The Los Angeles filmmaker Nina Menkes, a recipient of the lifetime achievement award at Mar del Plata film festival, reveals who she trusts with film recommendations.
Since my job is teaching film at California Institute of the Arts, that’s the only thing we talk about. I trust my colleagues for recommendations — they are usually right. Bérénice Reynaud, James Benning, Pia Borg, Lee Anne Schmitt as well as UCLA Film & Television programmer KJ Relth and Academy Film Archive preservationist Mark Toscano, to name a few. I also listen to my students for film tips as they are sometimes more up to date than us at the faculty. Programmers Malin Kan, Lane Kneedler at the AFI and producer/curator Claire Aguilar always have hot tips.
In Los Angeles, the Acropolis Cinema brings interesting work that would not be otherwise distributed. I also like to check Light Industry as well as what Dennis Lim is showing at the Lincoln Center in New York — we tend to share a common perspective when it comes to cinematic language and political issues.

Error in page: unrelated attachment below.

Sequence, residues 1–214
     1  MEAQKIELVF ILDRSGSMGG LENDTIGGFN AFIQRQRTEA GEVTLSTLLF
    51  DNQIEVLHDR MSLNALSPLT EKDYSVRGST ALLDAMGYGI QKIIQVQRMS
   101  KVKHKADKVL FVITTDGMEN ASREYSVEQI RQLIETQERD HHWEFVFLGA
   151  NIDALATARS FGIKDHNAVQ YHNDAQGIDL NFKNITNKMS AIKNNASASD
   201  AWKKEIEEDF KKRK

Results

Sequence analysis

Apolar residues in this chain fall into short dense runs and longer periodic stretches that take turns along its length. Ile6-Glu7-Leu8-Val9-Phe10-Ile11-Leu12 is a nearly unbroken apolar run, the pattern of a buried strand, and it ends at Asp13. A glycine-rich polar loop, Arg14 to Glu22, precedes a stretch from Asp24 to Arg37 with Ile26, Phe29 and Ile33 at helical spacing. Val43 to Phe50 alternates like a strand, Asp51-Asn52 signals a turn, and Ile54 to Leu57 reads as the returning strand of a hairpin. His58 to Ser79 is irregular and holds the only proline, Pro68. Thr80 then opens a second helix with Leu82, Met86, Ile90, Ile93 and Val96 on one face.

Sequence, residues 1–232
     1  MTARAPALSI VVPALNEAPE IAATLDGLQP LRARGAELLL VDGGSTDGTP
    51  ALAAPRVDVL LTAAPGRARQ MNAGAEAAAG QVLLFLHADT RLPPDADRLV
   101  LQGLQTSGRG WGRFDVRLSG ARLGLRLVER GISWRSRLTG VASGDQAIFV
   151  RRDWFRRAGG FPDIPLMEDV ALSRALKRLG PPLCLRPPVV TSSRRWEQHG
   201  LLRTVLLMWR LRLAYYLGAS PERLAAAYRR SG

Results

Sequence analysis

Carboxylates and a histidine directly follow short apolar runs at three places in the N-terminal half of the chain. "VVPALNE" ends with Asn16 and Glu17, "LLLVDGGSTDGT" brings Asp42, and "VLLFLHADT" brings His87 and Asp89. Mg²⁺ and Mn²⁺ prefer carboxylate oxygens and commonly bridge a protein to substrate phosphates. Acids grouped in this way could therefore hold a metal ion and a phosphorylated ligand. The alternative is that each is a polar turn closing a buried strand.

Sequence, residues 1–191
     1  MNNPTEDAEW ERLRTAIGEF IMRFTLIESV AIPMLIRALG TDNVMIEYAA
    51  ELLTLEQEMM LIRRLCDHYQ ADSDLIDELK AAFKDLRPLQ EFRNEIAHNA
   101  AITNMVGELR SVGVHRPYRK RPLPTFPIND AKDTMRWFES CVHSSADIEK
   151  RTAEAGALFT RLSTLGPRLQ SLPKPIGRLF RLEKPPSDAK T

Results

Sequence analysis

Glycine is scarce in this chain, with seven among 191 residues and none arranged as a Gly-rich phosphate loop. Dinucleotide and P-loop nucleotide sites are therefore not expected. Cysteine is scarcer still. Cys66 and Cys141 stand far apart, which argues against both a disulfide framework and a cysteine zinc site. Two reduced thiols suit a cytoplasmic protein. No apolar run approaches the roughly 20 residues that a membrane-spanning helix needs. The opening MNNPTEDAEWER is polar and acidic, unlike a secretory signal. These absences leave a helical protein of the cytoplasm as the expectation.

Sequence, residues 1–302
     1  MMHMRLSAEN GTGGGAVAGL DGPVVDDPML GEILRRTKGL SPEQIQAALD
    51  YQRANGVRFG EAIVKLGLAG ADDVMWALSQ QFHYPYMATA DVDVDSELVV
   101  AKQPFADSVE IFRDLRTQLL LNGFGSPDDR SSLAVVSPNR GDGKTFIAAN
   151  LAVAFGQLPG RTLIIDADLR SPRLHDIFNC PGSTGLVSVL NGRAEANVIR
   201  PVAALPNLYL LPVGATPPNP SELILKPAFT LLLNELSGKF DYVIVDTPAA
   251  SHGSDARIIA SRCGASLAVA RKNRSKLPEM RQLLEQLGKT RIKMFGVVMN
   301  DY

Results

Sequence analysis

Recent recommendations include For Sama, The Great Hack, Agnes Varda’s Happiness (an older film but somehow I missed it), Portrait Of A Lady On Fire, Diamantino and Synonyms. Publications I rate for film tips include Film Comment, 4Columns, Film Inquiry, The New York Times, Los Angeles Times, Slate, The New Yorker, LA Weekly, Filmmaker Magazine, Artforum and Cinemascope, to name a few. I sometimes find film tips on Twitter but my feed is mainly about resistance to the Trump administration. I travel widely with my cinematic talk Sex & Power: The Visual Language of Oppression, and sometimes audience members give me tips on new films that are shot without this type of gender bias.
I am in production on a feature documentary Brainwashed, about how the visual language of cinema is profoundly gendered. Our team is always on the lookout for work that is connected in some way. We also have a message thread where we alert each other to relevant media, as well as articles about sexual abuse and sexual discrimination.
Interview by Liza Foreman